B. Wordsworth

  • ‌In the story B. Wordsworth, VS Naipaul contrasts two modes of life. Discuss
  • ‌From you reading of B Wordsworth by VS Naipaul,  describe how failure and disillusionment are two important aspects of the story.
  • ‌What does B. Wordsworth’s nature symbolise.
  • ‌Do you think the narrator is very sensitive and emotional young boy? Justify your answer from examples from the text.
  • ‌Describe the first meeting between the narrator and B. Wordsworth.
  • ‌How does this encounter develop into a companionship? Illustrate using two concrete examples from the text.
  • ‌What does the narrator discover when he re-visits B. Wordsworth’s house after the poet’s death. Explain its significance in the context of the story.
  • The short story ‘B. Wordsworth’ explores an unusual friendship between an old man and a boy. Discuss.

The story of an Hour

  • ‌Mrs. Mallard is described as descending the stairs “like a goddess of victory”. In what ways does she feels herself victorious? Discuss the idea of being ‘free’ as it is presented in ‘The story of an Hour’ by Kate Chopin.

The Singing Lesson

  • ‌Katherine Mansfield through The Singing Lesson reveals that the point of grief affects everyone and not the person who is directly involved. Discuss.
  • ‘The Singing Lesson’ by Katherine Mansfield explores the intrinsic tie between human emotions and music. Discuss with close reference to the text.
  • In ‘The Singing Lesson’ by Katherine Mansfield it is learnt that our moods determine the course of our life and colour our surroundings. Discuss with close reference to the text.
  • Narrate how the students get involved in Miss Meadow’s emotional journey in the story, ‘The Singing Lesson’

Salvatore

  • ‌What made Salvatore a responsible brother and a man of emotion
  • ‌Salvatore was a man of inherent goodness. Comment
  • ‌How was salvatore’s relationship with Assunta and the two children?
  • ‌W. Somerset Morgan in his short story entitled ‘Salvatore’ writes about a simple fisherman’s life. Describe the character of the fisherman with close reference to the text.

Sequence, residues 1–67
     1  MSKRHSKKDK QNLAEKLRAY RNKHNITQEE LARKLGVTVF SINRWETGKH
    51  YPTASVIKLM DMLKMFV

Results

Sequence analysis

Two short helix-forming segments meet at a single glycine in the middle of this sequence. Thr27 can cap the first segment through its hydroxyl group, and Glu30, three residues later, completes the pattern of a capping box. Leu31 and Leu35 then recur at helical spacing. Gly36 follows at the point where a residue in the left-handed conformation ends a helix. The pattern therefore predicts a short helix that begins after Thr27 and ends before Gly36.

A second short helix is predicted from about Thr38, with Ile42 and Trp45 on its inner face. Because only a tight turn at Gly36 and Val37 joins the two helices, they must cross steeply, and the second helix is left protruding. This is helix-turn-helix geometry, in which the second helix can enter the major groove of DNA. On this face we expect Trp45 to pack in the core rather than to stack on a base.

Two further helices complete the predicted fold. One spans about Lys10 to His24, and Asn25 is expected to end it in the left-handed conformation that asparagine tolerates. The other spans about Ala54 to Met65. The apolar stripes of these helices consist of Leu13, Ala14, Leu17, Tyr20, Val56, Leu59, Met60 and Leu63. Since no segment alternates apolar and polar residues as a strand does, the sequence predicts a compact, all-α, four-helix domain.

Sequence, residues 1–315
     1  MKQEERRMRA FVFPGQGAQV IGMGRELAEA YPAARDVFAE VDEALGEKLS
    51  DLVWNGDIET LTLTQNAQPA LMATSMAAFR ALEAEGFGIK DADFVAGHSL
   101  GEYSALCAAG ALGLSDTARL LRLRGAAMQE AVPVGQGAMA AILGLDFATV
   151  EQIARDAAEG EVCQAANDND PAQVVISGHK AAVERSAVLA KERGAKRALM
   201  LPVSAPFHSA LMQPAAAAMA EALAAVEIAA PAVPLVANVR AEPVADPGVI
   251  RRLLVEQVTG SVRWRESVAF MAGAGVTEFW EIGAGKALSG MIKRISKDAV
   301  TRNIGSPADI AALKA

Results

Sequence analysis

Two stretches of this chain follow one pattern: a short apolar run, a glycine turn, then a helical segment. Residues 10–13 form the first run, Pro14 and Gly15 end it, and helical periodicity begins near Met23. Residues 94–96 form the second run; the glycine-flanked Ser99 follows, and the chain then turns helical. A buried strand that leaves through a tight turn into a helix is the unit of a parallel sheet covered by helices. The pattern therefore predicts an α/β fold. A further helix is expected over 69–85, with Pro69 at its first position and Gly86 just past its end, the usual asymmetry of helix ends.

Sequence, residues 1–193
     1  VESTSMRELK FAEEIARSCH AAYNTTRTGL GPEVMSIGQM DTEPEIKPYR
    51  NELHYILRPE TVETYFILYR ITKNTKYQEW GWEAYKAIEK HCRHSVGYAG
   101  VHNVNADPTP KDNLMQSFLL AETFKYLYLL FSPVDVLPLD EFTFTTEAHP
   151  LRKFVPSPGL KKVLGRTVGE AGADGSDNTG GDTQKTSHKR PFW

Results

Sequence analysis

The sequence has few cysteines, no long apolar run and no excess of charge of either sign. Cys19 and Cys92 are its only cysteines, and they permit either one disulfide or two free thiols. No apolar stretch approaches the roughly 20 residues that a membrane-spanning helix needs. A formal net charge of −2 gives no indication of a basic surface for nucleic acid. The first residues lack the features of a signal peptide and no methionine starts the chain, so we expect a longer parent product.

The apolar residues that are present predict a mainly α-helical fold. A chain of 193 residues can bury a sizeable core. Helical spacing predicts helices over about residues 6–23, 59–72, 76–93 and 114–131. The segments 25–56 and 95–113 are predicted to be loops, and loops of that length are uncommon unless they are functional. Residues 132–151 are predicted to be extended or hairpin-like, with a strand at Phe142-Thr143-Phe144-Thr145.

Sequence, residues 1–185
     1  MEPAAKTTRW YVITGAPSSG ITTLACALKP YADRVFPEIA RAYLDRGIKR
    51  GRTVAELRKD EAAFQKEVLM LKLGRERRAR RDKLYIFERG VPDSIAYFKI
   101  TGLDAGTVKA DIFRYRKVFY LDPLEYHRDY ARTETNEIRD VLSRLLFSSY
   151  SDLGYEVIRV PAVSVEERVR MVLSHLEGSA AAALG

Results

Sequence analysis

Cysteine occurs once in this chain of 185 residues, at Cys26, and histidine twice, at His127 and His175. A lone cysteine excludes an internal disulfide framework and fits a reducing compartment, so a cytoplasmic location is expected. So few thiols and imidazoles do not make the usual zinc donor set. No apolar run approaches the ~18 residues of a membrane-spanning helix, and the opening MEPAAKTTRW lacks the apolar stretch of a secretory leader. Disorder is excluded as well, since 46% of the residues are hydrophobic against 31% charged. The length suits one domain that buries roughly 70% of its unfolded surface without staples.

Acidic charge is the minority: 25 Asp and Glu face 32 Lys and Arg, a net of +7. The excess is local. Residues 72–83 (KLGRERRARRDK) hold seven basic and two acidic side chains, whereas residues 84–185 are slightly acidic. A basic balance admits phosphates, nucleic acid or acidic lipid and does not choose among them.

The Chinese Statue

  • ‌Alexander Heathcote’s love for art is one of the most important themes of the story ‘The Chinese Statue’. Explain.
  • ‌Describe the journey of the statue in England till it was handed down to Alex Heathcote.
  • ‌Narrrate the fate of the statue in the hands of Alex Heathcote.

A Gorilla in the Guest Room

  • Referring closely to the short story ‘A Gorilla in the Guest Room’ describe the slow development of the narrator‟s relationship with a gorilla.

POEM (REVERIE)

Main Focus :

  • The Spider and the Fly
  • The Gift of India

Next Focus:

  • Dover Beach
  • The Dolphins

Extra:

  • Crossing the Bar
  • Desiderata

SOME IMPORTANT QUESTIONS:

The Spider and the Fly

  • ‌How does the spider try to lure the fly in the poem’ The Spider and the Fly’.
  • ‌State how the fly Falls prey to the trickery of the spider.
  • ‌How is the poem a didactic one.
  • ‌Describe the spider’s den in Mary Botham Howitt ‘The Spider and the Fly’. How does the silly fly finally get caught in it.
  • ‌’The spider and The Fly’ makes a profound observation on human character under the garb of a simple Children’s tale. Comment.

The Gift of India

  • Referring closely to the poem ‘The Gift of India’, relate what Mother India says about her brave sons.
  • What idea does the poem give you of the role of Indian soldiers during British rule?
  • In what way is the poem a celebration and yet suffused with pathos?

Dover Beach

  • How does Matthew Arnold in Dover Beach describe the crisis of faith during the Victorian Era?
  • Referring closely to the poem ‘Dover Beach’, show what picture of life and human condition is being painted in the poem by Matthew Arnold?
  • What does Arnold mean by the “Sea of Faith” and what does he think has replaced it?
  • What does the term “love” signify in the line “Ah, love, let us be true”?
  • How does the poem ‘Dover Beach’ imply that love is the only consolation amidst the spiritual crisis in the contemporary world?
  • Describe the scenes in the opening lines of the poem Dover Beach. Standing on the sea shore, what can the poet hear?
  • Why does the speaker refer to Sophocles in this poem? What is the cause of the poet’s sorrow?
  • To whom is the poem addressed? What does the speaker ask of himself and the listener?

The Dolphins

  • ‌’The Dolphins’ though written from the perspective of dolphins, captures the voice of all the animals who are trapped, abused and exploited exploited by human beings. Discuss.
  • ‌Show how the poem The Dolphins by Carol Ann Duffy is a dramatic monologue that captures the plight and the agony of animals in captivity.
  • ‘The Dolphins’ is a poem of protest against the slow destruction of Nature and natural creatures by Man. Discuss.

Desiderata

  • ‌What are the values underscore in the poem Desiderata by Max Ehrmann how can these values improve human life.
  • Analyse the poem ‘Desiderata’, as a guide to live a meaningful life.

Crossing the Bar

  • Describe Alfred, Lord Tennyson’s ‘Crossing the Bar’ as the poet’s preparation for death.
  • Crossing the Bar can be percieved as symbolizing the final journey of Man. Comment.

Check Also

ISC 2019 Physics List of Important Topics and Suggestions

Kindly go through the video first : Download PDF of Important Topics :: https://mygfs.in/2UqFI3U :: …

6 comments

  1. Thank you so much sir… 🙏💐

  2. very nice videos

  3. thankyou so much sir…it helped me a lot..

  4. Thank You Sir.

  5. Thank You GFS team!

  6. Thank you sir!